Omar Shahabudin McDoom
This report by Omar Shahabudin McDoom of the London School of Economics and Political Science compares steps taken during Rwanda’s democratic transition with efforts to ensure the long-term durability of domestic peace. The author argues that incremental political liberalization would encourage a shift in Rwanda’s political culture away the subversion of institutional rules to personal, party, or ethnic interests. Instead, such liberalization would encourage institutional accountability, discourage attempts to bring change through extraconstitutional means, and enhance the regime’s legitimacy among the Rwandan people. McDoom concludes that peace is most likely to endure if Rwanda’s political space is opened up to ensure state autonomy from the current regime and encourage the maturation of civil society to act as a counterweight to the ruling party.



Daniel James Alamillo

This paper by Daniel Alamillo and Lilia Diaz of New York University discusses how bottom-up grassroots programs are gaining increasing attention as they are proving to be more effective than traditional top-down assistance for people with disabilities (PWDs).  The authors argue that participatory programs allow individuals and communities to actively participate in their own development.  This paper analyzes how one particular community of people with disabilities in Uganda is actively playing a role in their own development. It chronicles the implementation of participatory forms of development by PWDs in the Iganga district of Uganda and lays the foundations for further research on the ability of local actors to create social change through their own actions. >>>

Message from the Editor

SUNY/CID welcomes new and continuing readers to its Governance Information Bulletin (GIB) 34 which draws attention to technical matters involved in strengthening political institutions and to broader issues of aid strategies, democracy assistance, public sector performance, and to countries and regions where SUNY/CID is working.  Each entry provides a link to a larger piece of research in the title and at the end of the entry.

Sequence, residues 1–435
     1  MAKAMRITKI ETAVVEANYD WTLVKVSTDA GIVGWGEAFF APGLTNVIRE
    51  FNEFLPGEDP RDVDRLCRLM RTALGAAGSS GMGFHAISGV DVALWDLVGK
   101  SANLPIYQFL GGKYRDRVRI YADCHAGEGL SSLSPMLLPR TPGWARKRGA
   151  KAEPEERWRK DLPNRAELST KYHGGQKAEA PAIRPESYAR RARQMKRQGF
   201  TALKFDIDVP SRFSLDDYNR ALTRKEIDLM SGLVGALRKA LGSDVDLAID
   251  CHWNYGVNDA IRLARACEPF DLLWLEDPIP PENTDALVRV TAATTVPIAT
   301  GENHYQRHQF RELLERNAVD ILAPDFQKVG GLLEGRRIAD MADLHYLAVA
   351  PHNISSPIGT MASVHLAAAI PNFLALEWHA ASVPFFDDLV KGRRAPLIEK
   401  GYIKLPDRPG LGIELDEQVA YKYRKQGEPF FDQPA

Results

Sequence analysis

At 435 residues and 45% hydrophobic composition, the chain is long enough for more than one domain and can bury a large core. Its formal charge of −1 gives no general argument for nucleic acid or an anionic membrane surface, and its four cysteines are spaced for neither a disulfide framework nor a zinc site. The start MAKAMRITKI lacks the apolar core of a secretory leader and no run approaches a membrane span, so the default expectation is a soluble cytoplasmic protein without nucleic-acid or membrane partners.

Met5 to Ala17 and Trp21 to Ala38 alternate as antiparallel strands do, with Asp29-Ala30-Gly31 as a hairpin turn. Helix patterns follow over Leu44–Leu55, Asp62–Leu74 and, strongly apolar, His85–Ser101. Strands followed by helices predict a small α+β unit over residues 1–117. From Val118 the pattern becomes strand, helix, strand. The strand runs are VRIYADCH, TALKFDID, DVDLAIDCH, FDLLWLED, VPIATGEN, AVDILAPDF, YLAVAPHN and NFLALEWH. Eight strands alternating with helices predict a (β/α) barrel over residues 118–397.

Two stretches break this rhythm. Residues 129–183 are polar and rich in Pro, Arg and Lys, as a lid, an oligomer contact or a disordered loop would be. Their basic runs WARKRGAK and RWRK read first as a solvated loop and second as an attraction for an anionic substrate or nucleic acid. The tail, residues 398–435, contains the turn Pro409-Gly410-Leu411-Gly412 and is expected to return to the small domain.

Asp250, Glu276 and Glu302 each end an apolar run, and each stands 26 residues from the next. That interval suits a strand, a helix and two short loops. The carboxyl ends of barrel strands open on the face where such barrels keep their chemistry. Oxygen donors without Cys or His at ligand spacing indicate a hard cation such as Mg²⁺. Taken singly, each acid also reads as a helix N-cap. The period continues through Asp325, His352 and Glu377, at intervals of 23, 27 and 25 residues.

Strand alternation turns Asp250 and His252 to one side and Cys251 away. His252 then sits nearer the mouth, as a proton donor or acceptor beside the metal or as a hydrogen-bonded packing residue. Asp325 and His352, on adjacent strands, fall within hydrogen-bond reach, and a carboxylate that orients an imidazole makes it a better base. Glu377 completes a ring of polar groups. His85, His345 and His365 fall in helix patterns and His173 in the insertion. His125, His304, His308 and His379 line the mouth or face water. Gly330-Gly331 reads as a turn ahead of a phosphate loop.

In this issue, please find recent reports, summaries, and publications on development by development professionals from the Overseas Development Institute, the Carnegie Endowment for International Peace, International IDEA, and other organizations and universities. In addition, all previous issues can be found at the SUNY/CID website here.

We welcome all questions, comments and suggestions at gib@cid.suny.edu.

In This Issue

* Citizen Voice and State Accountability: Toward Theories of Change that Embrace Contextual Dynamics

* Democracy Policy Under Obama: Revitalization or Retreat?

* Mobile Technologies and Empowerment: Enhancing Human Development through Participation and Innovation

* Legal Pluralism and International Development Agencies: State Building or Legal Reform

* Gender and Political Parties: Far from Parity

* Mean Voter Representation and Partisan Constituency Representation: Do Parties Respond to the Mean Voter Position or Their Supporters?

* The Electoral Sweet Spot: Low-Magnitude Proportional Electoral Systems

* Parliament Staff: Backgrounds, Career Patterns and Behavior of Officials in the European Parliament

*Equal Rights, Unequal Opportunities: Women's Participation in Afghanistan's Parliamentary and Provincial Council Elections

* Revenue Mobilisation Performance of Union Parishad in Bangladesh

* Multi-Level Participation for Building Adaptive Capacity: Formal Agency-Community Interactions in Northern Kenya

* Rwanda’s Exit Pathway from Violence: A Strategic Assessment

* Disability is Not Inability: Grassroots Participatory Development and Collective Action in the Iganga District of Uganda

Development and Governance Blogs

Connie Veillette of the Center for Global Development’s Rethinking U.S. Foreign Assistance blog reviews the House of Representatives proposed budget and its shrinking role for development and diplomacy in comparison to defense.

Josh Rogin at Foreign Policy’s The Cable discusses growing Congressional support for efforts to defeat the Lord’s Resistance Army and capture Joseph Kony.

Emily Kallaur at AidData’s The First Tranche blog reviews recently released data tracking overall trends in global development finance over the last twenty years.

Maree Tait at the Development Policy Centre’s Development Policy Blog discusses how practitioners can best build south-to-south knowledge flows to complement traditional forms of development assistance.

Michelle Kooy at the Overseas Development Institute explores progress in halving the number of people worldwide without access to safe drinking water and the political economy of water and sanitation service delivery.

The Democracy Digest of the National Endowment for Democracy reviews recent developments in Egypt’s transition to democracy, including the emerging confrontation between the Muslim Brotherhood, the Egyptian military, and secular political parties.